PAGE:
Yet, Casey Treat does the complete opposite for his son, Kelly Russell said, claiming the senior pastor encourages the congregation to forgive Caleb Treat and often preaches that everybody makes mistakes.
“He told the congregation that Caleb’s calling is irrevocable,” Janet Russell said.
This past week, the Christian Faith Center staff was allegedly told Caleb Treat was hired back on staff and will return in January as a consultant, or pastor of church planting, Janet Russell said.
She added the Treats have all the power and control, which continues the cycle of alleged abuse allowance. She claims he called the women “promiscuous” at a women’s congregation meeting.
About six weeks ago, Janet Russell wrote a letter to a board member of the church outlining her traumatic experience, but she said Casey Treat is not allowing this information to be shared with other board members, the board member told her.
The board member’s daughter-in-law had also been allegedly assaulted by the same pastor who Janet Russell claims assaulted her, Kelly Russell said.
“When [the pastor] sexually assaulted me, I knew what would happen,” she said. “Because of the history of the church. There’s no systems in place where you can go to human resources because the person who’s in charge of human resources is also the chief financial officer, Theresa Fazekas, and she has a fight in the game of keeping it all under wraps.”
Janet Russell didn’t tell anyone about the alleged misconduct due to known repercussions, until one day she was telling her husband about the 10 women who came forward a few years prior. Kelly Russell recalls asking if these stories are true to which his wife said: “It’s true, it happened to me.”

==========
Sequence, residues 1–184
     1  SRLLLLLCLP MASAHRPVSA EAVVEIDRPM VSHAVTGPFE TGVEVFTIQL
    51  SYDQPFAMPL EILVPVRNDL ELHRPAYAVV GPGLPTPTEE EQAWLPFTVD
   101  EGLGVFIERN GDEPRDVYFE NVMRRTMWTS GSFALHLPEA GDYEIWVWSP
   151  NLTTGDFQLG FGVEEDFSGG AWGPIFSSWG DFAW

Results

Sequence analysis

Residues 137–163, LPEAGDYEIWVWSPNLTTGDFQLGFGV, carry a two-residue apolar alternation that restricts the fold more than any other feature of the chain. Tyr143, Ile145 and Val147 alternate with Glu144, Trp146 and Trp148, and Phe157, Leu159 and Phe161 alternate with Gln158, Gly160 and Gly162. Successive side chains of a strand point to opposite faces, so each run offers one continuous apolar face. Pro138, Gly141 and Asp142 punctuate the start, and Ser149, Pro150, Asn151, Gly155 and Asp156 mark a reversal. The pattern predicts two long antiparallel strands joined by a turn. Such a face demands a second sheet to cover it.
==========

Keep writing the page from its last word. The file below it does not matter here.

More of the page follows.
Because of the culture of the church, Kelly Russell remembers his first thought.
“As crazy as it might sound, the first thing I thought about was ‘OK, can we keep this quiet?’” he said, noting his reaction of “selfishness” stemmed from fear of being exiled from their church family. “I didn’t want to lose what I had. I had been telling people over so many years ‘I’ll never leave this church, as long as Casey’s in charge, I’ll never leave.’”
As the pastor in question was moved to another campus, the alleged out-of-sight and out-of-mind mentality helped the Russell’s healing process, he said.
When Caleb Treat was removed from the Federal Way campus due to his misconduct, the other pastor was brought back to the Federal Way campus to teach, and the Russell’s decided they had to leave, they told the Mirror.
Many people the couple looked up to and respected began leaving the church, which made them realize others were fed-up too.
Many people tried to give “off-ramps” for Casey Treat as he travelled down the “wrong path” of ignoring the problems within the church, Janet said.
But talking to the senior pastor one-on-one is not an option, Janet Russell said.